Today’s tutorial will follow the sculpting process of a diorama piece for Alternity Miniatures. Due to packaging restrictions I had to split the model in multiple parts, and pack each of them with as many details as i could in the exposed areas while leaving the joints clean.
The client’s request was vague at best, so I had to make a whole geometry and concept as I went on sketching. The whole scene had to be kept within a 7 cm square area, which limited the amount of elements i could fit in it. Eventually, I resized the “bunker vault door” into a smaller hidden service door, and most of the rocky formations were cut out from the diorama.
The technique used for the bulk structures is the same I already applied for a few previous sculpts: reversed shapes in expanded foam to pour high quality ceramic plaster in.
For that reason, what is supposed to be a descending ladder now looks like an ascending one.
Since the whole project has a fairly complex geometry, each part is made separately. Fixing the angle to 15° should simplify the perfect joining of the various parts.
As always, high quality ceramic plaster is used for the volumes. It’s very different from standard plaster, both in price and final results.
And here is the base. It’s looking very smooth, the bumps were made by removing part of the “negative” xps foam, and need some extra sanding to better blend in the scene.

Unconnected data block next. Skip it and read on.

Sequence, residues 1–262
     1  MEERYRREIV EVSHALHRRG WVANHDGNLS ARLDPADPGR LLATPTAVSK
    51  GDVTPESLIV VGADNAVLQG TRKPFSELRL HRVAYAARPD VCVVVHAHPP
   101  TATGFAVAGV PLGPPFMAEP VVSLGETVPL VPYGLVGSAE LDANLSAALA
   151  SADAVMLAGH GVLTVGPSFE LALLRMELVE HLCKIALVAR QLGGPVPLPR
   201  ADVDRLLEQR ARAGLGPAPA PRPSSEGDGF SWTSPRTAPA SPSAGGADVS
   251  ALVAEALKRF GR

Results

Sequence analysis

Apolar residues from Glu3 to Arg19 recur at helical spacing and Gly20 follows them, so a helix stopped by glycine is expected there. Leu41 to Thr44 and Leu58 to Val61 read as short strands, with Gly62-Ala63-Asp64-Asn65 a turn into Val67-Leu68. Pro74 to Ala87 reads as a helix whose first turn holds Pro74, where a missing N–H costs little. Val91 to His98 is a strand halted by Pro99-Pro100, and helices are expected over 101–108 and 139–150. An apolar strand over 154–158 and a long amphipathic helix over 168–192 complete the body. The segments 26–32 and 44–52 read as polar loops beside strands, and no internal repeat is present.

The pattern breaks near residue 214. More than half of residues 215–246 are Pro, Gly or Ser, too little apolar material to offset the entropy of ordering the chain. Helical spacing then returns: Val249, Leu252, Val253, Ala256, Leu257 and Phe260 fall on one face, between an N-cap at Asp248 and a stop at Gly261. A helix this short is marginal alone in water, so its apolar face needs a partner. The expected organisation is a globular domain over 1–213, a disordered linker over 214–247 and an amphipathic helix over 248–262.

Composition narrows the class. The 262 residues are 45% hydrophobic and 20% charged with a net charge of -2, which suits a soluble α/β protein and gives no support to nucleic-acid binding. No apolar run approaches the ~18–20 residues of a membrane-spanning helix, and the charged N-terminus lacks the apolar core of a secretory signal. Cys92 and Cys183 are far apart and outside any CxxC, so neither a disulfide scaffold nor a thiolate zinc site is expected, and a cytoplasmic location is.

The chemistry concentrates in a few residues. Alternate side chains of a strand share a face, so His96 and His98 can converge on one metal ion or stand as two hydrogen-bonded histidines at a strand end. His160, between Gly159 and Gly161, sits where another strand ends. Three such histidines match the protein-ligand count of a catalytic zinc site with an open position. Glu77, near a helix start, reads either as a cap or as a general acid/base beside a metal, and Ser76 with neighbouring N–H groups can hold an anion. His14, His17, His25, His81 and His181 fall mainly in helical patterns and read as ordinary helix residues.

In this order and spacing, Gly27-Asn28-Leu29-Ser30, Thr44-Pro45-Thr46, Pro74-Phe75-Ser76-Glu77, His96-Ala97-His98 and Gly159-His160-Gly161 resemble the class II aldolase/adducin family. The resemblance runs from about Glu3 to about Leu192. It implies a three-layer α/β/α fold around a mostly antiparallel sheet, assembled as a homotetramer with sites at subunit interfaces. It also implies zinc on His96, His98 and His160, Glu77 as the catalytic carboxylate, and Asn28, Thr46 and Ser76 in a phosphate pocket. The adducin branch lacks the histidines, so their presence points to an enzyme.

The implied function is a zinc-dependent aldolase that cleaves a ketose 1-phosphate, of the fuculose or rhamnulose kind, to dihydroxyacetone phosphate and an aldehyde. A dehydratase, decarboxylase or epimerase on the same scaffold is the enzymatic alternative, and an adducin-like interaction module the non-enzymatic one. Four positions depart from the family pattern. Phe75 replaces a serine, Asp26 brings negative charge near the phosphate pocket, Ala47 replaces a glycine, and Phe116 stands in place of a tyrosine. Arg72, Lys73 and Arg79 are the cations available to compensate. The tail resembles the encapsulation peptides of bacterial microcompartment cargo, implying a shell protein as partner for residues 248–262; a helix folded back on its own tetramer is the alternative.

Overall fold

Using the base as a template, preparing the structure for the vertical wall.
By adding wooden beams on one side, the wall is now texturized just as a concrete structure should be.
The two support diagonal reinforcements are now done.
Once again, the exposed parts are covered with wooden beams.
When extracting them, the texture is clearly shown. Some of it will be smoothed out.
And here is the basic shape, only the top floor is missing.
With Milliput I shaped the ground level. In particular, I wanted to have the ground raising a bit when reaching the wall. Once each part was cured, i sanded the sides in order to have a smoother result.
With a blend of sand grits, i added a believable texture on it.
I finally made the roof section, and started adding details. All the cables and tubes on the piece are made of several different materials. The resin casting will blend them all together in a more consistent look.
And here it is. Some pictures of the finished work below. The other small details were 3D modelled by me and printed. The whole diorama shown is painted by Gabriele Leni
The Lazy One